The parallels between the past and today do not end there. Pompeii was a multicultural port city with people of all backgrounds living there and passing through; half the population of Toronto is foreign-born. Politics on the small and large scale was presumably as present in Pompeii’s citizens’ lives as it is for Torontonians today. Hale herself is foreign-born – British – and moved to Canada in 1968. She lived in Montreal through the 1970s and the War Measures Act and Bill 101, but describes herself now as “quite politically naïve at that time.” Her politically active life started in Toronto, where she moved in the 1980s and got involved with Nightwood Theatre, wrote for the feminist paper Broadside and founded Red Tree, a visual arts company, with Lynn Hutchinson. Today she divides her time between Hornby Island, BC and Toronto. Before returning to writing in the late 1990s, with her first novel published by Raincoast Books, Hale earned her living as a painter and sculptor in BC.

She still travels to England to visit family. “It was a good thing, leaving England, because when you leave a place, you can see it.” Her family’s story has been far from ordinary: Hale’s father was a supporter of Oswald Mosley’s British Union of Fascists during the Second World War, and died by suicide some years after the war. “That legacy has hung over me all my life,” says Hale, who has written about it in her latest novel, Mad Hatter (Guernica, Toronto), to be launched in September. “I feel absolutely liberated for having told that story. It’s been a great shame and humiliation so it was good for me to leave England and be able to see all that. But it’s taken my lifetime to process it.”

Hale’s own politics are at the opposite end of the spectrum to her father’s. She often travels to Cuba and has developed a lot of connections, personal and professional, over the last 15 years. “I went there first to paint a mural with Lynn Hutchinson in solidarity with the revolution and we made a connection with a gallery in Havana and did an installation there on colonialism and sugar, then another one about surveillance, which Cubans really understand.” Latin America was always of great interest. “I’ve had a lot of connections with Guatemala, Nicaragua, El Salvador, Chile. A big change I saw here in Toronto in the 1980s was the refugees coming from those countries who’d experienced American interference, people who enriched Toronto tremendously during the 1970s and 1980s. There were Greeks coming here after the Junta and people emigrating to Canada after the Iranian Revolution. On Hornby Island we have an Iranian man who’s taken refuge there, who is a wonderful potter.”

While she would define herself as bisexual today (and is no fan of labels), Hale’s view on the importance of lesbian presence in culture hasn’t changed. “It’s still fairly new to see it – and women’s experience in general–- and some of the terrible things that happen to us and some of the great things that should be celebrated. I think it enriches the culture generally, and for men as well. It’s not being against men: it’s filling out a picture that has been half blank a long time.”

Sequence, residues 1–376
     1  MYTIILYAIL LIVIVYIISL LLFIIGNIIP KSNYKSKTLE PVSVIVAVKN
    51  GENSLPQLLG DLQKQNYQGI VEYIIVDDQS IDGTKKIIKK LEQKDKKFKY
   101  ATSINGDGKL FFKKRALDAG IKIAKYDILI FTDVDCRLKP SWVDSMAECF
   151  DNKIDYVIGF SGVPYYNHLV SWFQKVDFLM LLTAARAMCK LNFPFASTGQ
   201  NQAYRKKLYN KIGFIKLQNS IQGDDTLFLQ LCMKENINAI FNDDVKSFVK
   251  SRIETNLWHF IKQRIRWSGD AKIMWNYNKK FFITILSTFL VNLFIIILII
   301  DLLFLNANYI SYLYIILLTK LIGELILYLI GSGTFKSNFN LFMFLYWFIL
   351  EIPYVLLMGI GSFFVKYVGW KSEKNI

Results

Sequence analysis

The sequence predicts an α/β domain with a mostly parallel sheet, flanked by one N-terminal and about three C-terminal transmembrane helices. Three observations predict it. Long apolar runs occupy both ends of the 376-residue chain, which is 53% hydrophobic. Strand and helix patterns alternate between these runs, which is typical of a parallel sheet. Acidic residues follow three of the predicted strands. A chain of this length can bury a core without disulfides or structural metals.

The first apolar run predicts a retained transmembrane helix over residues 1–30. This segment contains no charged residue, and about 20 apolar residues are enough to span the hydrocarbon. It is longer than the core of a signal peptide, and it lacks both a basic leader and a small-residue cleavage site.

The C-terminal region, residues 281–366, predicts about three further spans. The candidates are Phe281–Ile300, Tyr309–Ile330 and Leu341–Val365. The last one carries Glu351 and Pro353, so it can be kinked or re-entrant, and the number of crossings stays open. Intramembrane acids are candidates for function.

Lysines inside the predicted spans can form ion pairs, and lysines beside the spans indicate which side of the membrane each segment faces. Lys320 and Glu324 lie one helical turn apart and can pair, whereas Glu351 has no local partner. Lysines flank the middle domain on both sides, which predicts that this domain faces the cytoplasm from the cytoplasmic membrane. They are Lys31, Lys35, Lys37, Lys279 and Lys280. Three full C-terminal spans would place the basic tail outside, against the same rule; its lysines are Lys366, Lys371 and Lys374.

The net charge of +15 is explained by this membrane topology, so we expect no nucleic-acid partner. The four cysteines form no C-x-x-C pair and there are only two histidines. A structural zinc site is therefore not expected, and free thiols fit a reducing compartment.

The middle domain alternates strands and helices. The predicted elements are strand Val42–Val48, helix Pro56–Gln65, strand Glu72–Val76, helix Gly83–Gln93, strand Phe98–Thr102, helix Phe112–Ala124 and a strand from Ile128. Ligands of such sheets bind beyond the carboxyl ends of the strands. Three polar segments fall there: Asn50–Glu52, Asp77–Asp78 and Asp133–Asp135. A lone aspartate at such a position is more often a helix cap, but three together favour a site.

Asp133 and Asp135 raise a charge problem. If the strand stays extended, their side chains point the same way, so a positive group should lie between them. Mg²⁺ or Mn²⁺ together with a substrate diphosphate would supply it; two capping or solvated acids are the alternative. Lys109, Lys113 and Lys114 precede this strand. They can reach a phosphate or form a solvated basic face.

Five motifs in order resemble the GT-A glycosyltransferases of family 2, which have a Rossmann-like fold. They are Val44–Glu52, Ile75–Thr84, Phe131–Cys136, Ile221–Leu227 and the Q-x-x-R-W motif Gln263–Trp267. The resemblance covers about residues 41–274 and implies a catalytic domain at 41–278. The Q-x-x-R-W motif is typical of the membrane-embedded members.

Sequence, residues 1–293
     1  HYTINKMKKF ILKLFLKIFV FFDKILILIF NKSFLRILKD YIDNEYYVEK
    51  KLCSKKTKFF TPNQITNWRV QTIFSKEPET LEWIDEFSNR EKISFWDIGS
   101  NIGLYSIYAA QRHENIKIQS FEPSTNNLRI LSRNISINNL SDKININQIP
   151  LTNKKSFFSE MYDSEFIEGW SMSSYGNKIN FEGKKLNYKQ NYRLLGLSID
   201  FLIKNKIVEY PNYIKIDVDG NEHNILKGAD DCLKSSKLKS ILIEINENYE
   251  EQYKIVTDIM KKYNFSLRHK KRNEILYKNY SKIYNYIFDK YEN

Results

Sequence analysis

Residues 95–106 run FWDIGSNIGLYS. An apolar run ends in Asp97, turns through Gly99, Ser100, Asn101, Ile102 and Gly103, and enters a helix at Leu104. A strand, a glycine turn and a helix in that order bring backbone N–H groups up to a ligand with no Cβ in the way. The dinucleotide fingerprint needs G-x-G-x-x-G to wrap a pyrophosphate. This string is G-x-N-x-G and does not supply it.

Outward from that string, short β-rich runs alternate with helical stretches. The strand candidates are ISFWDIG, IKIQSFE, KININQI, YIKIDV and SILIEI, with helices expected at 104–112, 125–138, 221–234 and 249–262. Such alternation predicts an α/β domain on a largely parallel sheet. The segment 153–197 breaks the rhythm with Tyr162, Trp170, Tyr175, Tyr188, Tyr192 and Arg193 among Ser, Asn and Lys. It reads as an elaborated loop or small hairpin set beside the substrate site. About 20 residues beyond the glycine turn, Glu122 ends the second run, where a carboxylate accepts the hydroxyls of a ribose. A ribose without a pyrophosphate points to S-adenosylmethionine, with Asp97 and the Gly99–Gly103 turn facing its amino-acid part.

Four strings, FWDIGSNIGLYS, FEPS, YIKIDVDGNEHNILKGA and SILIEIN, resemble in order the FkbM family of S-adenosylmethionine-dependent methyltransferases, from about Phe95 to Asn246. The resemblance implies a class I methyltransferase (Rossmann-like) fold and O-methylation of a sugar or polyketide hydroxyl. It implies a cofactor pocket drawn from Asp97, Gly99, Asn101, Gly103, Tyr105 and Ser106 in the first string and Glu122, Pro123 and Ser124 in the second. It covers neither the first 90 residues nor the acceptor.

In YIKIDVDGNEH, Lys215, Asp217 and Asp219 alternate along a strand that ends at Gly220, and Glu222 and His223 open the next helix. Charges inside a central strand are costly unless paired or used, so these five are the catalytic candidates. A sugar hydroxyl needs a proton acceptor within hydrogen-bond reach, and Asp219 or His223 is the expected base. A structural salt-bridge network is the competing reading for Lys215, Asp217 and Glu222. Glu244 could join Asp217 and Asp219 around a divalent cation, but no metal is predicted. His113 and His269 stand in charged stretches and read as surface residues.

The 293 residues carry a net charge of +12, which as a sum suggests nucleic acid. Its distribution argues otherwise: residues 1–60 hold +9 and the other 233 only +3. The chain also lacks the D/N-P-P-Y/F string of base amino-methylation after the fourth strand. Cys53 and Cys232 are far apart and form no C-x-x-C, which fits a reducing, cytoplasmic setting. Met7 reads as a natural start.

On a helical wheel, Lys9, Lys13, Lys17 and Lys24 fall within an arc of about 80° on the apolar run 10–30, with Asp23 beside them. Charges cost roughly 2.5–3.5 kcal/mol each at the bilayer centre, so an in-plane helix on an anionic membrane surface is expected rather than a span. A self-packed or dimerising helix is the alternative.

Rebecca Gray (left) and Camille Rogers in Pomegranate. Photo by Greg Wong

ART OF SONG QUICK PICKS

JUN 4, 7PM: Icelandic Canadian Club of Toronto presents Hanna Dóra Sturludóttir, mezzo & Snorri Sigfús Birgisson, piano; atTimothy Eaton Memorial Church, Toronto.

JUN 8, 4PM: Lisa Di Maria, soprano, and Adolfo De Santis, piano; at St. Thomas’s Anglican Church, Toronto. Barber, Fauré, Puccini.

JUN 10, 12:15PM: Music Mondays presents Heine’s Buch der Lieder. James McLean, tenor, and William Aide, piano; at the Church of the Holy Trinity, Toronto .

JUN 19 TO 22, 7PM AND JUN 23, 2PM: Soundstreams, Luminato, & Pinkhouse Productions present Hell’s Fury, The Hollywood Songbook. Music by Hanns Eisler, staging and concept by Tim Albery with design by Michael Levine. Russell Braun, baritone, and Serouj Kradjian, piano. Harbourfront Centre Theatre, Toronto.

JUN 27, 8PM: Muse 9 Productions/Village Opera present “Bon Appétit! A Musical Tasting Menu.” Lee Hoiby: Bon Appétit!; Danika Lorèn: The Secret Lives of Vegetables; Peter Tiefenbach: Chansons de mon placard. Katy Clark, soprano, Victoria Borg, mezzo. Hyejin Kwon is the music director, staging by Anna Theodosakis. Merchants of Green Coffee, Toronto..

JUL 11, 7:30PM: Toronto Summer Music opening night: “Beyond Borders.” R. Strauss: Vier letze Lieder; Ravel: Cinq mélodies populaires grecques; Sarasate, Mozart, Chopin and more. Adrianne Pieczonka, soprano, Jon Kimura Parker, piano, Kerson Leong, violin, and Steven Philcox, piano, with the New Orford String Quartet and Tom Allen hosting. Koerner Hall.

JUL 16, 7:30PM: Toronto Summer Music presents “Griffey & Jones in Recital.” Anthony Dean Griffey, tenor, and Warren Jones, piano. Music by Bridge, Griffes, Barber, Finzi, Laitman, Niles and Ives. Walter Hall, U of T.

Lydia Perović is an arts journalist in Toronto. Send her your art-of-song news to artofsong@thewholenote.com.